A graduate level Expert Evidence and the Courts (FRSC 5030) course at Trent is preparing students to take the stand and defend evidence. As future experts in crime scene analysis, students must be prepared to translate evidence into facts and present in high-pressure environments such as the courtroom.
Taking the stand
When taking the stand, what expert witnesses say can hold significant weight over the outcome of legal proceedings. In this course, students build their understanding of their role as experts in the Canadian justice system by studying mock examples, presenting their findings, and then facing cross examination in a mock court setting by subpoena of course instructor, Professor Rhonda Smith.
“That pits a high duty on them to act with clarity and integrity,” explains Prof. Smith. “I want our students to understand the roles of the other players in the justice system so they will know how to bridge the gap between science and law, how to provide their expert evidence in a way that is understood by the non-scientist decision-makers, and to develop skills and strategies for handling situations in court that may challenge their honesty, biases, and professionalism.”
During the hearings, students play the role of expert witness and provide reports that Prof. Smith and peers will use to cross-examine the facts of a student’s report. Students like Avery Firlotte, a Catharine Parr Traill College student in the Master of Science in Forensic Science program at Trent, were taught to approach each report in search of flaws – ready to pick apart the slightest error.
“This aspect of the assignment was certainly helpful in training us to view our own scientific reports under a new lens, in terms of being able to identify our own future errors when putting together a report.”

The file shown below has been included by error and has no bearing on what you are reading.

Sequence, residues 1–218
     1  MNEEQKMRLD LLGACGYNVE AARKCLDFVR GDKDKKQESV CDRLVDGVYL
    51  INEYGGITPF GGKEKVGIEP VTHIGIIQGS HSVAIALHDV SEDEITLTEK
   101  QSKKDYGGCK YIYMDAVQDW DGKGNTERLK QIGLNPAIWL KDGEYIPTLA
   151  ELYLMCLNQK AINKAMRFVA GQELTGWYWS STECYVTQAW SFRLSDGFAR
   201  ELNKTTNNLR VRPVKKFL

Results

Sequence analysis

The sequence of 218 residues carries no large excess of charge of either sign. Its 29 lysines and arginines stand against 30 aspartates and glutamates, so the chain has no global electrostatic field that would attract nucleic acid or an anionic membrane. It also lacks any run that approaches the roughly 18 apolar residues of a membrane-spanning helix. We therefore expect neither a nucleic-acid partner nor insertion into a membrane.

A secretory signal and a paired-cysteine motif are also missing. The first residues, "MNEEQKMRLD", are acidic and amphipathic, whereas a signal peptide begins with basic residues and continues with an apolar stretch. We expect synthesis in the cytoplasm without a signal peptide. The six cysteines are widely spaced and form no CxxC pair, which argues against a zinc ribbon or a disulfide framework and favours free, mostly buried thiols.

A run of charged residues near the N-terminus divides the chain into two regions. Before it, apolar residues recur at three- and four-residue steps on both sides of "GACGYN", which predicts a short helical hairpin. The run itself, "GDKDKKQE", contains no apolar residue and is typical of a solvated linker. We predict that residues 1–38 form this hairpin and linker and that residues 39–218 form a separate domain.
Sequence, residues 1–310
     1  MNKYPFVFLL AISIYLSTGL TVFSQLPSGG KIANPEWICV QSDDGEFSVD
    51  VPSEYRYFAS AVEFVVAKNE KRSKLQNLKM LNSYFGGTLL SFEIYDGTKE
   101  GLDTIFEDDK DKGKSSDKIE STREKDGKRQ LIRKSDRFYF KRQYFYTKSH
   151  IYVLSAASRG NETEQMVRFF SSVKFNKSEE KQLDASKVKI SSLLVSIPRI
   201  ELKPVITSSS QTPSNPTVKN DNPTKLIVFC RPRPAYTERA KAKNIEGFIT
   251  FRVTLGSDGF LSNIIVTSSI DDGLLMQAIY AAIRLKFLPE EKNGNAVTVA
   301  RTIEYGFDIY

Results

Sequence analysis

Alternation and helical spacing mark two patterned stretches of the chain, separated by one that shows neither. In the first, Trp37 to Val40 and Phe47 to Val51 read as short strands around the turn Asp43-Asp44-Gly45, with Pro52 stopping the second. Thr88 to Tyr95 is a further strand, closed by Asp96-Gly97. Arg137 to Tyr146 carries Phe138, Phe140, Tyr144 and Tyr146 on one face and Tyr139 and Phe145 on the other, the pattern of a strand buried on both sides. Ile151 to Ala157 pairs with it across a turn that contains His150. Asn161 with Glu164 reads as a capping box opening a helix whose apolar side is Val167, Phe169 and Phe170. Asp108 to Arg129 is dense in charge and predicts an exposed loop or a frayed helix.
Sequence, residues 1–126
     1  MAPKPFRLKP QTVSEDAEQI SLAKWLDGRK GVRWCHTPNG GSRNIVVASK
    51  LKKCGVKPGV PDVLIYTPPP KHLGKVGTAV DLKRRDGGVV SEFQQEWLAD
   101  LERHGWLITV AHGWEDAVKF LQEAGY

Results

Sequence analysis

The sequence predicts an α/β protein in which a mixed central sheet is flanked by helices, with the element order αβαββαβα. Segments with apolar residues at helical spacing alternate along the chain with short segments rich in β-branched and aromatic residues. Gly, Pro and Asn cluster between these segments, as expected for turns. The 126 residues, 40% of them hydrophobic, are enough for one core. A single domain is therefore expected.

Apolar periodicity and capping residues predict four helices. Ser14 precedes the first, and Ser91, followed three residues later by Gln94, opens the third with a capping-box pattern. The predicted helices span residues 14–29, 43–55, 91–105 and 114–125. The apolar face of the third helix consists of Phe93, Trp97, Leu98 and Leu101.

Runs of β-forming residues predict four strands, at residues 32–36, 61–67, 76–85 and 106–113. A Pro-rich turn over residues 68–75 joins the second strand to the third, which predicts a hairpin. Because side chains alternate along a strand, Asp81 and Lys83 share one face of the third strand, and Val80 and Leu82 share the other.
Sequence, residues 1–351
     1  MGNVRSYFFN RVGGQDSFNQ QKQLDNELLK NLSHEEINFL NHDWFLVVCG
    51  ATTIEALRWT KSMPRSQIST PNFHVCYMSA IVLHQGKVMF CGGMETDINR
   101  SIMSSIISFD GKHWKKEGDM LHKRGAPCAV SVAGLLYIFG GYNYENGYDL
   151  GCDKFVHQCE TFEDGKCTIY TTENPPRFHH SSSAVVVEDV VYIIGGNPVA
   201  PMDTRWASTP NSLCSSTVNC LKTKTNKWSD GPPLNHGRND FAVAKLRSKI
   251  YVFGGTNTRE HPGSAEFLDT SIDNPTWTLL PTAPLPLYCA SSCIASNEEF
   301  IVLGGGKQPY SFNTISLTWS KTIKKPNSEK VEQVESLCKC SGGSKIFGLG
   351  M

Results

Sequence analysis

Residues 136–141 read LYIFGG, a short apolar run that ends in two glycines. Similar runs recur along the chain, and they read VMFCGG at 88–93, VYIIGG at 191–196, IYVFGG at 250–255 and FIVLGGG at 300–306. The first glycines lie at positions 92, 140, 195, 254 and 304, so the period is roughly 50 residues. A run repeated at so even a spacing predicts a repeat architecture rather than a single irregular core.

Whether the students were challenging their peer’s scientific methods or their chain of custody, Avery explains that the process made her aware of all the area expert witnesses need to be aware of when preparing to take the stand.
Converting the classroom into a courtroom
To put their knowledge to the test, students in FRSC 5030 spend little time in a classic classroom dynamic. After the first few weeks, the professor and student roles are dropped in favour of Prof. Smith taking on the role of Crown Attorney and the students picking up the role of expert witness.
“We hold a full two days of open court where anyone, including members of the public, can attend and observe, and we have individuals the students are not familiar with come and play the role of Judge,” says Prof. Smith. “All of this is done to make their experience as real as possible.”
Not unlike many of the other students in the program, Avery hopes to work in forensic identification – and courses like FRSC 5030 are helping her get there. The course gives students a glimpse into the real-world legal implications of the scientific information they are learning to provide and how it can impact legal proceedings.
“The course load has provided me with competency in a variety of fields such as blood pattern analysis, ballistics, toxicology, and crime scene processing,” explains Avery. “This program has also provided me with the skills necessary for networking within the field and has given me the confidence that I will be able to achieve a career in this field after graduation.”
“The students come into this course with a variety of experience in science but also in law - some having already some familiarity with law and others without any - so it is always fun to see how everyone progresses over the course of the semester,” says Prof. Smith. “I like the small number of students in the graduate program. With 22 students, I am able to do a lot more intensive experiential teaching.”